Why Post-Production Is Important
Post-production happens almost immediately after filming has wrapped. Visual and audio material gathered in production are assembled together, with music, dubbing, visual effects added, just to name a few.
This is a highly collaborative process that involves creatives from different disciplines and even those from the production stage. Post-production usually spans across weeks and sometimes months, depending on the scope of the project.
The Steps Involved In Post-Production
- Video Editing Working with the pre-production and film team, editors will look at the rushes filmed and start making edit decisions based on the agreed concept of the video. Assembling footage takes time — it could take anywhere from weeks to several months. The first draft of the film is called a Rough Cut, and the final version will be called the Final Print. When the director is happy with the visuals, they’ll “lock the cut,” and the sound editing can begin.
- Sound Editing Once the picture is locked, it’s time for sound editing. They’re responsible for assembling the audio tracks of your film, cutting dialogue tracks, adding music tracks, removing unwanted noise, and even enhancing your video with sound effects.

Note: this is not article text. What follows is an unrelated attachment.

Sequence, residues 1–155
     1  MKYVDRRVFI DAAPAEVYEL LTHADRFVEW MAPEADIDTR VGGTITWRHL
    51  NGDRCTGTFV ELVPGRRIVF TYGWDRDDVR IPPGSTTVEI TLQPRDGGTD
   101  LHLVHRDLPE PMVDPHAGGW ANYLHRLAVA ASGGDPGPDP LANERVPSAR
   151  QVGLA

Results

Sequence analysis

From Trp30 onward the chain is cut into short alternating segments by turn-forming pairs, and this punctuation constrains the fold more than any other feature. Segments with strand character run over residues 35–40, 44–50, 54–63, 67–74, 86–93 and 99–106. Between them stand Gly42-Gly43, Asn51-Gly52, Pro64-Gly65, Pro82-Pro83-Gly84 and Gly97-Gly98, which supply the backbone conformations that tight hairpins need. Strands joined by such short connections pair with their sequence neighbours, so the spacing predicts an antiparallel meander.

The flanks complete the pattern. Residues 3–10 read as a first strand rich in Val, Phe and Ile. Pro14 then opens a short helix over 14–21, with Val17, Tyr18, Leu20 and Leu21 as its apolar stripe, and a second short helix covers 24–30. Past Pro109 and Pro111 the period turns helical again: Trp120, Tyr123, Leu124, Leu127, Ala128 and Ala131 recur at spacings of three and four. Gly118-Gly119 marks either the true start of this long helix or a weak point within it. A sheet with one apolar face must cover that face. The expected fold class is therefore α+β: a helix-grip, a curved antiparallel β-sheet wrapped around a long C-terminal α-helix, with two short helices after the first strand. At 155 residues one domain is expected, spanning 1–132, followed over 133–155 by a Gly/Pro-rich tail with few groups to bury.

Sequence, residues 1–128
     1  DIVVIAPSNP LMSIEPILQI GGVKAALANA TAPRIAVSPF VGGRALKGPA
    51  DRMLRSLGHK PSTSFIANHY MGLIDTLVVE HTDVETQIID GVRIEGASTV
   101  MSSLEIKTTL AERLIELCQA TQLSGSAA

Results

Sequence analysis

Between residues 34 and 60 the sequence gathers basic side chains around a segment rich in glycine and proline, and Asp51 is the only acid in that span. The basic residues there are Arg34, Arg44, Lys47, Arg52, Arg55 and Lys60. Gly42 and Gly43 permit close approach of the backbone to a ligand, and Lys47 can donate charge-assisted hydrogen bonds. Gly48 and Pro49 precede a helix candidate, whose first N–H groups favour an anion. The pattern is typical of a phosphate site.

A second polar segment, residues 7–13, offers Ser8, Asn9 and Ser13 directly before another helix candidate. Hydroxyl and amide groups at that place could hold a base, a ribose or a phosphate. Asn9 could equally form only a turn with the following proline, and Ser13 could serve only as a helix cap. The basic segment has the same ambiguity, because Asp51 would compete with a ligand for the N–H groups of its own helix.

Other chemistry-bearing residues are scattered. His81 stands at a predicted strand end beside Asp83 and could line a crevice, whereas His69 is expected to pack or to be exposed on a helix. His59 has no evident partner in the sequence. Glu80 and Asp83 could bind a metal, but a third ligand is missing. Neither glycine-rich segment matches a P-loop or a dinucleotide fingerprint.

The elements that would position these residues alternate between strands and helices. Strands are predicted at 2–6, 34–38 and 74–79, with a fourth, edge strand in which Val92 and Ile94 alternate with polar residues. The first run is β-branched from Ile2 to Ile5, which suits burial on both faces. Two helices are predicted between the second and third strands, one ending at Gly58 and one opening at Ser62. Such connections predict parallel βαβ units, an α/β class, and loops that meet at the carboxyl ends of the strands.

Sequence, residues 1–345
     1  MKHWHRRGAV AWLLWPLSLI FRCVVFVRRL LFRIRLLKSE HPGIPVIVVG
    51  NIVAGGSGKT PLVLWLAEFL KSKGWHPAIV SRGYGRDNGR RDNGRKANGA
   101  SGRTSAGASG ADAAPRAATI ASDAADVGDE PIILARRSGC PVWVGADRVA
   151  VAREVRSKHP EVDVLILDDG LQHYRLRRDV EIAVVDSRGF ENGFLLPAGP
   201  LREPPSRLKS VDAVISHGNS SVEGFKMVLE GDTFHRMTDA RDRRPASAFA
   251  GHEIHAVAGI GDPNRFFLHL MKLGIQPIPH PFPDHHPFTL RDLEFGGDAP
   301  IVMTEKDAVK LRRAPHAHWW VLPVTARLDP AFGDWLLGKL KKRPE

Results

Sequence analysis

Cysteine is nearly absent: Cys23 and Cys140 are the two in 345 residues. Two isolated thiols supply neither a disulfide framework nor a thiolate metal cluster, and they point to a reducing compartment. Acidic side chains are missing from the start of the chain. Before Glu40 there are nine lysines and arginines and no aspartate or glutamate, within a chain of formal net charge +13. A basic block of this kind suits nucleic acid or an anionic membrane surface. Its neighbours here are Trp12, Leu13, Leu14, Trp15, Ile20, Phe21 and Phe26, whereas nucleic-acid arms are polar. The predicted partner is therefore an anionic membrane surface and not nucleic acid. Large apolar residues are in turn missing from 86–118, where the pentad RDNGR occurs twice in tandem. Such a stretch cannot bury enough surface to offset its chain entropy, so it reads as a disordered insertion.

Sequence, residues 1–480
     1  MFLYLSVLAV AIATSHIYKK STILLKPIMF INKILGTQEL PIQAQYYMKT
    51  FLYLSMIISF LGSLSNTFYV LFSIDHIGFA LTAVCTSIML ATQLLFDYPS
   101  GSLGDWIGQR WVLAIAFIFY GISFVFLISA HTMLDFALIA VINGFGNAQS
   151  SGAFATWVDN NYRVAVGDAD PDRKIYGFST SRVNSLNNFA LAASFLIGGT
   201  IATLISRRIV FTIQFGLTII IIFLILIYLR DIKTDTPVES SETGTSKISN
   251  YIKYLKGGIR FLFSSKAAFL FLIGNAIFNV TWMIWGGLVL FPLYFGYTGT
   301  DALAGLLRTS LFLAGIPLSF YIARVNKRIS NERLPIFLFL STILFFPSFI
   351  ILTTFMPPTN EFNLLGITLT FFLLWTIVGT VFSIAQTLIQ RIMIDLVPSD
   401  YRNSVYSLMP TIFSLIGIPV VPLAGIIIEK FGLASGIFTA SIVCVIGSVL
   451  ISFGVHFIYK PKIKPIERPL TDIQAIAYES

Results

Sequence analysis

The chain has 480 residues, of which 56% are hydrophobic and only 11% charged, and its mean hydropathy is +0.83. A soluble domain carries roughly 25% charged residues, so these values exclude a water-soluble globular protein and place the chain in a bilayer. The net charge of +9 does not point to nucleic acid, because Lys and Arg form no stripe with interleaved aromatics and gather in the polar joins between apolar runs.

- Visual Effects Visual Effects or VFX is usually spearheaded by a VFX Supervisor managing a team of artists and other engineers using computer-generated imagery, or CGI, to create visuals impossible to capture on set. VFX artists start working once the picture is locked. This is because they work frame by frame, so it causes a real headache if they have to add extra frames, or if a shot is swapped, have to go back in and start all over.
- Coloring Color correction and color grading are usually done after the edit is locked and VFX done. As long as the picture is locked, a colorist can go in and digitally alter the shots. They lighten frames to and adjust hues for continuity as well as to reflect the scene’s tone.
Why is Post Production Important?
Without the film post production process, there is no finished product—you simply have raw footage. In fact, raw footage is often not shot in the order it is meant to be presented in, but rather, the order that was most efficient for the actors, location, and other factors. Presenting unedited footage likely wouldn’t make sense, let alone tell a compelling story.
Every piece of the post production process works to tell the overall story of the video. For example, setting the mood and tone of the piece through a series of thoughtfully created shots—which is further enhanced by color grading and an appropriate music piece. With skillful editing, a movie or video can reach its full potential.